Monday, November 21, 2005

Vietnam 1968 - Iraq 2005

Pennsylvania Congressman John Murtha, in his heartfelt but completely wrong-headed demand that the United States withdraw its troops as early as practicable, has triggered a political brouhaha that has done nothing but encourage the terrorists in Iraq and anyone who opposes the U.S. We discussed it at length here. A few more points from folks who have since weighed in:

Mac Owens explains the perfect parallel of what happened in Vietnam vs references the Vo Nguyen Giap quote to Vietnam historian Stanley Karnow:

After 1968, the situation in Vietnam was very similar to the one that prevails in Iraq today. Trends were moving in the right direction for the Americans and South Vietnamese. The United States had changed its strategy after Tet 1968, scoring significant military successes against the North Vietnamese while advancing "Vietnamization." These successes helped stabilize the political and economic situation in South Vietnam, solidifying the attachment of the rural population to the South Vietnamese government and resulting in the establishment of the conditions necessary for South Vietnam's survival as a viable political entity.

The new strategy was vindicated during the 1972 Easter Offensive. This was the biggest offensive push of the war, greater in magnitude than either the 1968 Tet offensive or the final assault of 1975. While the U.S. provided massive air and naval support and while there were inevitable failures on the part of some South Vietnamese units, all in all, the South Vietnamese fought well. Then, having blunted the communist thrust, they recaptured territory that had been lost to Hanoi. So effective was the combination of the South Vietnamese army's performance during the Easter Offensive, an enhanced counterinsurgency effort, and LINEBACKER II — the so-called Christmas bombing of 1972 later that year — that the British counterinsurgency expert, Sir Robert Thompson concluded US-ARVN forces "had won the war. It was over."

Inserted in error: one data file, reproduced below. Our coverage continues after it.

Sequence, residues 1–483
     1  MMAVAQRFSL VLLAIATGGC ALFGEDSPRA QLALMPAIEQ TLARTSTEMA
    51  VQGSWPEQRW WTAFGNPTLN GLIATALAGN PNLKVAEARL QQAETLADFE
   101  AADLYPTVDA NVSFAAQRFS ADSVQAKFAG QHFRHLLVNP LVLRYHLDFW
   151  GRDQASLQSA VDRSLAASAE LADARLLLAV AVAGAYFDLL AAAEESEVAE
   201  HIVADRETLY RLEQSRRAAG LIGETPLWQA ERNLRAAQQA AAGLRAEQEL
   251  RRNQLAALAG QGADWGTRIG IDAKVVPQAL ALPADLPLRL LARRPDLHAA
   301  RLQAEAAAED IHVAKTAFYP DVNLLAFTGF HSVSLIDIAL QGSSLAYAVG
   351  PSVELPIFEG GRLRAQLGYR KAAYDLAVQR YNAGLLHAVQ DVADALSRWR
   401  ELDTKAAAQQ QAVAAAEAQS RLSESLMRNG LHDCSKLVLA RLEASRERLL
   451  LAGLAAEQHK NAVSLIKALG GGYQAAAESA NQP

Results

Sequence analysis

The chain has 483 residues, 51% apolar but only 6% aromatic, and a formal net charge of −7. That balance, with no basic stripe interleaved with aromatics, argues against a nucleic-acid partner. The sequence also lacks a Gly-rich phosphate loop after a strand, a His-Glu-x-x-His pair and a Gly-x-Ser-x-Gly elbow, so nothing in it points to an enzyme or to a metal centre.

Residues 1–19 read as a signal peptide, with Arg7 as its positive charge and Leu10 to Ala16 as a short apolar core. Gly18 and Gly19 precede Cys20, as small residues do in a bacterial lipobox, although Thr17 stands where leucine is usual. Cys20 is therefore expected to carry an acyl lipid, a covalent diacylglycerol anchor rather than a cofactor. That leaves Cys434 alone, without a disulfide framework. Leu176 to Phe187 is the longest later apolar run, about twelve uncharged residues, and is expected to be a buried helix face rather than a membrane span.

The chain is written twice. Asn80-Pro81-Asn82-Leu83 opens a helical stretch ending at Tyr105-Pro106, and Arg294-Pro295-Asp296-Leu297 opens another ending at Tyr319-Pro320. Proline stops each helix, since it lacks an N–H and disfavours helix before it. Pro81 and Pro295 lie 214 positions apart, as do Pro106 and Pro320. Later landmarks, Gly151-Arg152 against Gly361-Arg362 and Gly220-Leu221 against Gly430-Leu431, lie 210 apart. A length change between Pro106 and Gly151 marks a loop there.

But as Bob Sorley has observed, while the war in Vietnam "was being won on the ground... it was being lost at the peace table and in the U.S. Congress." First, the same sort of domestic defeatism that is endangering our effort in Iraq today impelled President Nixon to rush to extricate the country from Vietnam, forcing South Vietnam to accept a cease fire that permitted North Vietnamese Army forces to remain in South Vietnam.

Second, the Watergate scandal changed the makeup of Congress, which, in an act that still shames the United States to this day, then cut off military and economic assistance to South Vietnam. Finally, President Nixon resigned over Watergate and his successor, constrained by congressional action, defaulted on promises to respond with force to North Vietnamese violations of the peace terms. Only three years after blunting the communist Easter Offensive, and despite the heroic performance of some South Vietnamese units, South Vietnam collapsed against a much weaker, cobbled-together communist offensive. And South Vietnam ceased to exist, consigning millions of souls to communist tyranny and weakening the United States for a decade.

How did the North Vietnamese Communists pull this off? In 1990, North Vietnamese General Vo Nguyen Giap, confirming what he has written in his own memoirs, told Stanley Karnow that "We were not strong enough to drive out a half-million American troops, but that wasn't our aim. Our intention was to break the will of the American government to continue the war." [emphasis mine]